The Lafayette City Council unanimously voted in favor of a resolution that will form a "Protect the City" committee at Tuesday's council meeting.
The committee's purpose is to gather the input from a diverse range of citizens on the benefits of City-Parish consolidation to the City of Lafayette.
"When you go to the grocery store, or any store, you pay sales taxes, and those taxes, should go to the City of Lafayette, nowhere else," Councilman Pat Lewis said.
Lewis proposed the committee, which will also consider whether Lafayette should have its own mayor.
"All these five municipalities have their own mayor, and people in Lafayette, cannot vote for their mayor," Lewis said.
All seven members of the committee will be appointed February 23rd, during the city council meeting. Lewis said he hopes the decision will be placed on the ballot in 2022.
Each council member will appoint someone from the committee, the other two will be voted on through a resume process.
To apply, mail a resume to Veronica Williams, Clerk of the Council, PO BOX 4017-C LAFAYETTE, LA 70502. Or you can email it to her, BClafayette@lafayetteLA.gov. All resumes must be submitted by noon on February 9Th.
You can read more about the committee here.
The councils also discussed open-container and curfew changes, but the proposed changes died.
MORE BACKGROUND: The city and parish councils considered changes to the open container law that applies to the entire parish.
Currently, you can take an alcoholic beverage in a go-cup (paper, plastic or foam) out of a Downtown establishment until midnight. The changes would move that deadline up to 10 p.m. There are exceptions, and those don't change, for events like Downtown Alive, Symphony concerts, Artwalk and festivals. The Mayor-President could have granted an exemption for any event, under the proposed ordinance change.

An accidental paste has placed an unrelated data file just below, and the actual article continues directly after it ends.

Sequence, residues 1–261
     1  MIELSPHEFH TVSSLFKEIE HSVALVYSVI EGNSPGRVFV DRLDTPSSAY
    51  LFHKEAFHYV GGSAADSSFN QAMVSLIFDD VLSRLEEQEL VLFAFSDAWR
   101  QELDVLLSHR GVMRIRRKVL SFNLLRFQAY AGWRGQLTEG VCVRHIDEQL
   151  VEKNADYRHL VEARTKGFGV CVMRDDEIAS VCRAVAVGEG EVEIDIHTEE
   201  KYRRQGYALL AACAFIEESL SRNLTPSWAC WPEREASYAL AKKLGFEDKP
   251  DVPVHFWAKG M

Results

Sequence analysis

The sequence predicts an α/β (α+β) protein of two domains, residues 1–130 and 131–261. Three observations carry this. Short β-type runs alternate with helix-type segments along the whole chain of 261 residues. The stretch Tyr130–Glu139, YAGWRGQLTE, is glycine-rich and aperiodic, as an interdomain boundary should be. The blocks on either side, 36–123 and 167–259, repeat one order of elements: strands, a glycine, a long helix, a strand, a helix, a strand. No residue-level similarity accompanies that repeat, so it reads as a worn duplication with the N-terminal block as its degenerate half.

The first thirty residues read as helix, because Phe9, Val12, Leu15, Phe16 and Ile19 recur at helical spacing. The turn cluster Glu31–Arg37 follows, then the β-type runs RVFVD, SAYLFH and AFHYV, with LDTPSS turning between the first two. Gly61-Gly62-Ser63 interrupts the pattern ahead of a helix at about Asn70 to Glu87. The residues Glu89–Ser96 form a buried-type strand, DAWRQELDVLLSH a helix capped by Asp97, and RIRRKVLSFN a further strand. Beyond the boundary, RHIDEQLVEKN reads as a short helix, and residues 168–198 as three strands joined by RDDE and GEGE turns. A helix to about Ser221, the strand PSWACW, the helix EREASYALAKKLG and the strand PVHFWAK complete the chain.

Both councils had to approve this change for it to take effect. The proposal was pulled for the councils to discuss, but later died. To read the proposed ordinance changes, click here.
The City Council considered a special curfew for the Downtown District which stretches from West Simcoe on the north, south past Johnston Street, west past University and east past Evangeline Thruway. In that area, people younger than 18 without their parent or guardian could not be outside in any "public place" between 10 p.m. and 6 a.m. every night of the week.
"Public place" includes public streets, private streets, sidewalks, parks, playgrounds, public buildings and any place that is "open to or used by the public."
Exceptions are granted for kids going to or from work, or to or from a formal organized activity; kids on an errand for their guardian that uses "a direct route" and emergencies. Kids also are allowed on the sidewalk in front of their house or in front of their next-door neighbor's house - as long as the neighbor hasn't called the police to complain about them.
Exceptions also are "granted" for kids who are exercising their Constitutional rights to free speech, assembly and religion.
Currently, the city's curfew for minors is from 11 p.m. until 6 a.m. Sunday through Thursday, and midnight until 6 a.m. on Friday and Saturday. Those hours would remain in place for kids who live outside of the "downtown district."
The curfew ordinance did not pass for discussion. To read the proposed ordinance, click here.
The meetings are aired live on both LUS Fiber-Channel 3 and on Cox Communications-Channel 16, then replayed on the following Friday at 7:00 p.m.